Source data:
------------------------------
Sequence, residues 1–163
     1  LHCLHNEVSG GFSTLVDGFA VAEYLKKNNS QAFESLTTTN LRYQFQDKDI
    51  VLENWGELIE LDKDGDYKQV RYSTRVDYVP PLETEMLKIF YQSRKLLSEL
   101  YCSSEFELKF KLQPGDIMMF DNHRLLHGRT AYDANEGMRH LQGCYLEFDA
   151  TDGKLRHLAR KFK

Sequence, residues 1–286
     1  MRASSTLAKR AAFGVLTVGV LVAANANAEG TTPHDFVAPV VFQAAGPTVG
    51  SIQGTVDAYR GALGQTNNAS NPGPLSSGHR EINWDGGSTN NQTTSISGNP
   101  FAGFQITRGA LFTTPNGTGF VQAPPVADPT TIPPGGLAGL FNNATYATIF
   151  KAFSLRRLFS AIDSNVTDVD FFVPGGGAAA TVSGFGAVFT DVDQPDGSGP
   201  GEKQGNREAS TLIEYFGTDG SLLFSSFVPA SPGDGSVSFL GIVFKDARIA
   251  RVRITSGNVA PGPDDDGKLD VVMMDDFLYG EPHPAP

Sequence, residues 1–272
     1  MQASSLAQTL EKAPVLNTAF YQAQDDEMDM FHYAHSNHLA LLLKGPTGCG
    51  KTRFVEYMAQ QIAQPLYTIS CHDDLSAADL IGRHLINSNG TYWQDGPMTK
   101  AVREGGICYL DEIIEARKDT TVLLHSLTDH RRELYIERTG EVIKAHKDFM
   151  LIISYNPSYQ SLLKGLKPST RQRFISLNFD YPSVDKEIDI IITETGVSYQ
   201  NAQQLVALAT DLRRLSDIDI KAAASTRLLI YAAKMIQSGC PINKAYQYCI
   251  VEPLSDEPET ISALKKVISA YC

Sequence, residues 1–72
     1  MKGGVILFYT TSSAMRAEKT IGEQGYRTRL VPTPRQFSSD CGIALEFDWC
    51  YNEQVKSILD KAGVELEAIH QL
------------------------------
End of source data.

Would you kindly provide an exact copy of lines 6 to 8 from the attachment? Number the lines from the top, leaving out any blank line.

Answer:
Sequence, residues 1–286
     1  MRASSTLAKR AAFGVLTVGV LVAANANAEG TTPHDFVAPV VFQAAGPTVG
    51  SIQGTVDAYR GALGQTNNAS NPGPLSSGHR EINWDGGSTN NQTTSISGNP